What adds a layer of convenience for those seeking pain relief is the availability of over-the-counter combination products in countries like Australia, including Nuromol and Maxigesic. These products contain both paracetamol and ibuprofen, formulated to alleviate pain effectively, making them a practical choice for short-term use under the guidance of a healthcare professional.

But, when it comes to children, the rules slightly change. Paracetamol is often the first choice for pain and fever in kids, but ibuprofen can also be given safely. The golden rule here is not to administer both medications at the same time and always wait for at least an hour between doses of the different medicines unless a healthcare professional advises otherwise.

Lastly, remember, while taking paracetamol with Nurofen can offer more effective relief for certain types of pain than using one of the medications alone, consulting a GP or pharmacist before beginning any new medication regimen is imperative. They can offer personalized advice based on your health history and other medications you may be taking, ensuring your safety and wellbeing. So, while the answer to “Can you take paracetamol with Nurofen?” is a reassuring yes, taking that step with professional guidance is always the best path forward.

Risks of Separate and Combined Use of Paracetamol and Nurofen

IMG Source: medicalprices.co.uk

Before you grab that bottle of paracetamol and Nurofen off the shelf and consider dosing yourself, it’s a bright idea to touch base with a healthcare professional. Particularly, if you’re managing existing health conditions or are on other medications, a quick chat with your doctor or pharmacist could save you a world of trouble. Think of them as your personal guides in the maze of over-the-counter medication.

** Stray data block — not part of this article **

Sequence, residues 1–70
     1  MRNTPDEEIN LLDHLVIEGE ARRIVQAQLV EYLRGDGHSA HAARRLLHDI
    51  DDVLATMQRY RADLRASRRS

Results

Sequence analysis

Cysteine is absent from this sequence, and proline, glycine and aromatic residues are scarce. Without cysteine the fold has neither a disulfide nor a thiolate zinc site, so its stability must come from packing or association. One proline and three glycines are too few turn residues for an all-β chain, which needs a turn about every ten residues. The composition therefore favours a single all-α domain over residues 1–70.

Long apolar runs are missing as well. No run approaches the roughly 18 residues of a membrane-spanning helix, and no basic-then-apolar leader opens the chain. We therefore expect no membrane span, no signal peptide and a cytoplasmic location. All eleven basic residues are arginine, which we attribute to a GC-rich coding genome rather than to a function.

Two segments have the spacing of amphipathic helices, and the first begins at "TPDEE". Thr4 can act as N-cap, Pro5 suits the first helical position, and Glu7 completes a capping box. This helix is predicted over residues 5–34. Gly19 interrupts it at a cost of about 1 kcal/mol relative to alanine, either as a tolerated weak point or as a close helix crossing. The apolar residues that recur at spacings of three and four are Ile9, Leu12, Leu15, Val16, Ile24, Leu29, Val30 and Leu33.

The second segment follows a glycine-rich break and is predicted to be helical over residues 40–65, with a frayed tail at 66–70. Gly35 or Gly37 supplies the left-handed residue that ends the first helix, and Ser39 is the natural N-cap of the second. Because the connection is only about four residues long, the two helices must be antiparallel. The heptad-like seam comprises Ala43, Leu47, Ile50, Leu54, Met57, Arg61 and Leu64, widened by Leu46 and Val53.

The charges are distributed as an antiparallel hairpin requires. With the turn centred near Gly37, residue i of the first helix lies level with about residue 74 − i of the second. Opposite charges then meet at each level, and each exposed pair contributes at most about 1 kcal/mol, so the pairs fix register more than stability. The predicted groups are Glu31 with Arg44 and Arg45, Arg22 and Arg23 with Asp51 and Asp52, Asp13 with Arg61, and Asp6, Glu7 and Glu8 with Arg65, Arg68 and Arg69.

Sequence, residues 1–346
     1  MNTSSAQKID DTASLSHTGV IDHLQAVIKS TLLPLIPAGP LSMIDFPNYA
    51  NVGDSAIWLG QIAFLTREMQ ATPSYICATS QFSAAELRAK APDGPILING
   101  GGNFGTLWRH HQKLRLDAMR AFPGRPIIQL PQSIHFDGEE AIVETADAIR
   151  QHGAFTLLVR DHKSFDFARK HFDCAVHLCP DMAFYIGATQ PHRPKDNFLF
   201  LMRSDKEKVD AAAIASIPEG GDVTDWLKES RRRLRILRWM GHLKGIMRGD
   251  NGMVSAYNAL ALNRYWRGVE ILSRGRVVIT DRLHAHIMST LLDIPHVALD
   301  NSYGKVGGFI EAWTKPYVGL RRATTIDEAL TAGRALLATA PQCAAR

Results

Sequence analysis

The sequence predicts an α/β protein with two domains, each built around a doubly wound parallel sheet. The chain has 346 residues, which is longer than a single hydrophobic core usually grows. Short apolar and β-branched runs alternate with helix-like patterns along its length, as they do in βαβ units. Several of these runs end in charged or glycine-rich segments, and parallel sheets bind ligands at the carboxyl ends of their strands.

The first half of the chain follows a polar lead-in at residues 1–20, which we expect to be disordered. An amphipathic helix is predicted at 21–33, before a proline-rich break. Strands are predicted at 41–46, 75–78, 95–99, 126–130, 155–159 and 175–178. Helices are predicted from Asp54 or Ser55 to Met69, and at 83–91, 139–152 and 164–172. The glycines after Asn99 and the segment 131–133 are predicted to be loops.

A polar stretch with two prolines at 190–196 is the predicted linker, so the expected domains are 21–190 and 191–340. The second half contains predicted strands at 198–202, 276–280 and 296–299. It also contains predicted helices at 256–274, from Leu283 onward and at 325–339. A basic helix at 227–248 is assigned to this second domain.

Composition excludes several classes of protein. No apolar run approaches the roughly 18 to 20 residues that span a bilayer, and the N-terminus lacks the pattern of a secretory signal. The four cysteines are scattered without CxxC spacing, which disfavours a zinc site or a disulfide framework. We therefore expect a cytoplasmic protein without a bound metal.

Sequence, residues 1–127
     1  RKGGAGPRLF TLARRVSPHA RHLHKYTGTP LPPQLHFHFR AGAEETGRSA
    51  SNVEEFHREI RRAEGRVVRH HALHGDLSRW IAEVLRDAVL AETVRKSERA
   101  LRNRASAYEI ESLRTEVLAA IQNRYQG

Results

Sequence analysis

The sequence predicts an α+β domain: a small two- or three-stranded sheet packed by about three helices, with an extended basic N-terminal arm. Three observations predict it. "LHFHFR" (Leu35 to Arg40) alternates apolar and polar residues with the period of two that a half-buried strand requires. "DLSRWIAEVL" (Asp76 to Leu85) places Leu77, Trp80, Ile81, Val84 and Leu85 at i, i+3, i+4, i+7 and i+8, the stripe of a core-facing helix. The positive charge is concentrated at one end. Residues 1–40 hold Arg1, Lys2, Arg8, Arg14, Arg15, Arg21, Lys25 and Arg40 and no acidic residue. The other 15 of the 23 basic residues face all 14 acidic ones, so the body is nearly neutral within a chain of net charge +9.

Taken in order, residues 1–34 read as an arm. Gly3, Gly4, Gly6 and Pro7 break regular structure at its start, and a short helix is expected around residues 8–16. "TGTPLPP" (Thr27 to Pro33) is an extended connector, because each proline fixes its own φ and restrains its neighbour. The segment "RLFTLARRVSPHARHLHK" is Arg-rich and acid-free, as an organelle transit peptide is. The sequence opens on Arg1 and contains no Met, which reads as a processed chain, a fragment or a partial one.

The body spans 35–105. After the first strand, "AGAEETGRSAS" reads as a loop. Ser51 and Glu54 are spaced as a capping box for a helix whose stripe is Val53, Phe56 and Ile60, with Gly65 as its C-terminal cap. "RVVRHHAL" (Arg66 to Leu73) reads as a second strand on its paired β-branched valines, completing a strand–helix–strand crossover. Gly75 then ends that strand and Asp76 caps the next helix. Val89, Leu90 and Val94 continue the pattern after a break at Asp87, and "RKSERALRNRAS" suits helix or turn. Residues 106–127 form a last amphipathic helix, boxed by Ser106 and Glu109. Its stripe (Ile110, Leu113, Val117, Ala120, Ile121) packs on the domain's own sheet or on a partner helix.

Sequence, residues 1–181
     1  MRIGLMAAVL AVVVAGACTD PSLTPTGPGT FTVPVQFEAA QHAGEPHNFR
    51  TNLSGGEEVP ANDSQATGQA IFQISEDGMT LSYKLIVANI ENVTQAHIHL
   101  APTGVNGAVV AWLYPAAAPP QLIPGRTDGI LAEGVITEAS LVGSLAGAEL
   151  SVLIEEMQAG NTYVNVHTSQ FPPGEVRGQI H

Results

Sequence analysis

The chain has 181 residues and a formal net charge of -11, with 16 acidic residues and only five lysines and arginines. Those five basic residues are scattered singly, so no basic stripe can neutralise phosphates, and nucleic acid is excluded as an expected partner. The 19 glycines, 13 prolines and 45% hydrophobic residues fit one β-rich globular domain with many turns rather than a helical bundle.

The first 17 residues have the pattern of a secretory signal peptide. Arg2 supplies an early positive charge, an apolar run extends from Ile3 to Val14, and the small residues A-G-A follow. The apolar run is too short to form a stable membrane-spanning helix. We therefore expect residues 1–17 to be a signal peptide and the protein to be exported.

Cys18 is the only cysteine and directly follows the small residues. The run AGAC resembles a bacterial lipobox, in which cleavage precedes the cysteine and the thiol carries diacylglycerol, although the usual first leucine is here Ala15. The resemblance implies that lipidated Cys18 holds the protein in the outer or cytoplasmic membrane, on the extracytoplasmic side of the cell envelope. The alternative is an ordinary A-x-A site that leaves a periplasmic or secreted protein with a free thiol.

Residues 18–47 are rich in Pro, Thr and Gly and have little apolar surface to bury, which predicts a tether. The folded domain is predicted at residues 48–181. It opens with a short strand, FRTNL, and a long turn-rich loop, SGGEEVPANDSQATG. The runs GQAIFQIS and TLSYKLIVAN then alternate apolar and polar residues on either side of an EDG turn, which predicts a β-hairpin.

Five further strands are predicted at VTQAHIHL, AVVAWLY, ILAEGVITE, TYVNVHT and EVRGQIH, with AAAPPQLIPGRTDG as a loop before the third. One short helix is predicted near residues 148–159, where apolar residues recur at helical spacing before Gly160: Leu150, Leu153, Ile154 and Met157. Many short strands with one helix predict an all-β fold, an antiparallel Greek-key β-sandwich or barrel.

Striking a conversation about whether you can take paracetamol with Nurofen not only puts your mind at ease but ensures you’re treating your body with the respect and caution it deserves. Moreover, for moments of uncertainty or worry, remember that resources like the NHS guidelines are just a click away, offering a beacon of light. By taking this crucial step, you’re not just making an informed choice; you’re prioritizing your well-being and taking control of your health journey with confidence and assurance.


  • You should not take paracetamol with Nurofen, as both contain active ingredients that belong to the same group of medicines called non-steroidal anti-inflammatory drugs (NSAIDs), which can increase the chance of getting side effects like stomach ache or stomach bleeds.
  • Paracetamol and anti-inflammatory drugs such as Nurofen are two different things, so it’s safe to take them together, either at the same time or spaced apart. Ibuprofen is best taken with food or on a full stomach.
  • It’s safe to take ibuprofen with paracetamol or codeine.
  • It is not recommended to take Panadol with any other medicines that contain paracetamol.
  • Taking more than one Nurofen product (for example, Nurofen and Nurofen Zavance) is not recommended.